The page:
La Préfecture de Police évoque bien des images dans l'esprit des Français. La majorité des Parisiens voient d'abord l'agent réglant la circulation au carrefour. Pour le cortège de manifestants, elle symbolise le cordon de guerriers casqués, matraque au poing pour barrer l'accès à un ministère. Le romancier ou le cinéaste aimerait pénétrer dans les arcanes du Quai des Orfèvres... Ces facettes variées de la " Grande Maison " traduisent sa place unique au cœur des relations entre le citoyen et l'Etat. Pourtant cette institution reste mal connue. Ce livre nous en ouvre les portes toutes grandes, à travers les mémoires des principaux acteurs, les études administratives et juridiques, les fiches des Renseignement Généraux, les anecdotes ou les photos d'hier et d'aujourd'hui. Un tableau qui surprendra peut-être mais qui éclairera le lecteur sur ce qu'est véritablement la Préfecture de Police.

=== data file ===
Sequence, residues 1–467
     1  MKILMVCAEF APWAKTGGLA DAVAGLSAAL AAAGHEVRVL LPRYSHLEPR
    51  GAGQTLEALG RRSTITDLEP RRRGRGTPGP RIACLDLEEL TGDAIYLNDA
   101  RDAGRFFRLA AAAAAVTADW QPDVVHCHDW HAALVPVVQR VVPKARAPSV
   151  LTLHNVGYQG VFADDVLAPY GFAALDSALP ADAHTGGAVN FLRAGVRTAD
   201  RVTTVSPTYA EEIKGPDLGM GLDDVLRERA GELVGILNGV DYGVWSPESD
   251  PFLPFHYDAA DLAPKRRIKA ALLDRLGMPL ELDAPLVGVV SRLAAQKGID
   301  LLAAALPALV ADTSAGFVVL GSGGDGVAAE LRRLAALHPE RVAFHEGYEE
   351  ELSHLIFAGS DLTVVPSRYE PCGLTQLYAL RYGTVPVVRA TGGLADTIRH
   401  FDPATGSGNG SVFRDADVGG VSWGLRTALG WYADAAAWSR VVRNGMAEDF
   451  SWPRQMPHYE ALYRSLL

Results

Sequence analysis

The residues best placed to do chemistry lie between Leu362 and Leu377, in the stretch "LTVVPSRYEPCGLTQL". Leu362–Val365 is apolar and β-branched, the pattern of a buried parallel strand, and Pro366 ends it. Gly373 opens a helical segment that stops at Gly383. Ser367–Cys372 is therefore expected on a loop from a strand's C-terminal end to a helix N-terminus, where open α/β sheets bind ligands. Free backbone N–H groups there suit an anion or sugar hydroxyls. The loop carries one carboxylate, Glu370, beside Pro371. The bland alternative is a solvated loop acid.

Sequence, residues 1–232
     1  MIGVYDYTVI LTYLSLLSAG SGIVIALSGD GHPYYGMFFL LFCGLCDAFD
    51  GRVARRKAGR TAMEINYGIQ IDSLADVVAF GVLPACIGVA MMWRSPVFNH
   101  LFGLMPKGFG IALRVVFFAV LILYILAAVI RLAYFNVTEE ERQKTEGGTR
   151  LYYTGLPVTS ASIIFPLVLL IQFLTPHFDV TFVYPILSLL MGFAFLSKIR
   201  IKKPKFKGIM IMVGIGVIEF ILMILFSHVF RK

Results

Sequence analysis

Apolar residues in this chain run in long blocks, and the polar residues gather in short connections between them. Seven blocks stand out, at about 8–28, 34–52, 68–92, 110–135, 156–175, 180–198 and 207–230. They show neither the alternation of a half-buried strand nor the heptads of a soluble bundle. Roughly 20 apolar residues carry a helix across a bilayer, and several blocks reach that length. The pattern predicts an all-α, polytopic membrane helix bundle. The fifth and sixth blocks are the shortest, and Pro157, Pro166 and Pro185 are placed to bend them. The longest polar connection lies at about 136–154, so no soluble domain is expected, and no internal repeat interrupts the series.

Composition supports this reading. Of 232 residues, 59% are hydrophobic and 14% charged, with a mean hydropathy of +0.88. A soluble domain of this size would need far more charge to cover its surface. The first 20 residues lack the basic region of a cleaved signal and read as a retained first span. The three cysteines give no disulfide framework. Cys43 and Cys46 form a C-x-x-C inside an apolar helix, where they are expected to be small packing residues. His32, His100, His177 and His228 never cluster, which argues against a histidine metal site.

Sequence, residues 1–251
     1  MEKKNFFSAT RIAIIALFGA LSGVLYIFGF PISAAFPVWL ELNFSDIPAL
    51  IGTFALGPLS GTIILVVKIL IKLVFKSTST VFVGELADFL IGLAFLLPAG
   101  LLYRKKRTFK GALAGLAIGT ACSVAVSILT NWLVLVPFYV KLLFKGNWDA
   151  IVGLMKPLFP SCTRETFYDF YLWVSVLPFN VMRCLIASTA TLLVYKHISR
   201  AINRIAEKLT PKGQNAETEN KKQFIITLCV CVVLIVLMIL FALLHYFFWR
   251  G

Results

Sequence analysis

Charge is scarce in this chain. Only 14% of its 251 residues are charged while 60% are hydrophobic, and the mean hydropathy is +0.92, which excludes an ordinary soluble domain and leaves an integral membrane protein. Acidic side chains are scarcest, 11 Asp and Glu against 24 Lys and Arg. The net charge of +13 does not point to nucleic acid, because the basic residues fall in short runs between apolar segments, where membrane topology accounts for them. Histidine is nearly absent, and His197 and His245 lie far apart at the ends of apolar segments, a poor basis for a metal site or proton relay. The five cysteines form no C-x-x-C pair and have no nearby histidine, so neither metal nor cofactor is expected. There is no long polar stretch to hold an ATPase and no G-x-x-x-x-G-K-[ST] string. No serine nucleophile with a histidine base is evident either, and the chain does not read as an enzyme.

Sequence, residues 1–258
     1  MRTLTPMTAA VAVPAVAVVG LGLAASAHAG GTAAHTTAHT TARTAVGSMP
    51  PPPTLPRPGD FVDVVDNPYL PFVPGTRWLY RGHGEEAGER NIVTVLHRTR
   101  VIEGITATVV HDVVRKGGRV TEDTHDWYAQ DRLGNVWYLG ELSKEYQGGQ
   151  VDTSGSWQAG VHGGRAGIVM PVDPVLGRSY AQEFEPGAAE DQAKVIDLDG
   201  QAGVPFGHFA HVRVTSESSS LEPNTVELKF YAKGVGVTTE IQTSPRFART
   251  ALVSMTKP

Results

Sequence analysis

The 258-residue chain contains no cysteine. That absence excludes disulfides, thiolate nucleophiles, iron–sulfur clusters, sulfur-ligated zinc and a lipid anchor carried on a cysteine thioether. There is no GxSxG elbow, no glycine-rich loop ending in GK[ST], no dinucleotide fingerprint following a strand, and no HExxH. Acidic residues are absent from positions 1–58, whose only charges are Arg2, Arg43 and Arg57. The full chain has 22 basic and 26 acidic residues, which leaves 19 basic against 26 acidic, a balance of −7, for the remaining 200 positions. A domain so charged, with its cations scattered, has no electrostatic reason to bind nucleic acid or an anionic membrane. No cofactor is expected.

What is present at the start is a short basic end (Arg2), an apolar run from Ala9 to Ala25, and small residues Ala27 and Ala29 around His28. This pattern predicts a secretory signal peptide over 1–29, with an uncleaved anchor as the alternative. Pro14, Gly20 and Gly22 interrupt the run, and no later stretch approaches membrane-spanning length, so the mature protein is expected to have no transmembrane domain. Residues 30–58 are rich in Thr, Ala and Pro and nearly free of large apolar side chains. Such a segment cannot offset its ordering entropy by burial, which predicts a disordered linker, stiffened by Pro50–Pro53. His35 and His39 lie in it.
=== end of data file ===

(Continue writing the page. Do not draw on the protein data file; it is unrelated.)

Author: Robyn Mundell, Stephan Lacast
Publisher: Dualmind Publishing
In this unique blend of science and fantasy, fourteen-year old Bernard journeys inside his father's brain. There he discovers a galaxy, infinite and alive, and is soon caught up in an epic war between the two sides of his dad's brain over their most precious resource: mental energy.
Author: Philip Conner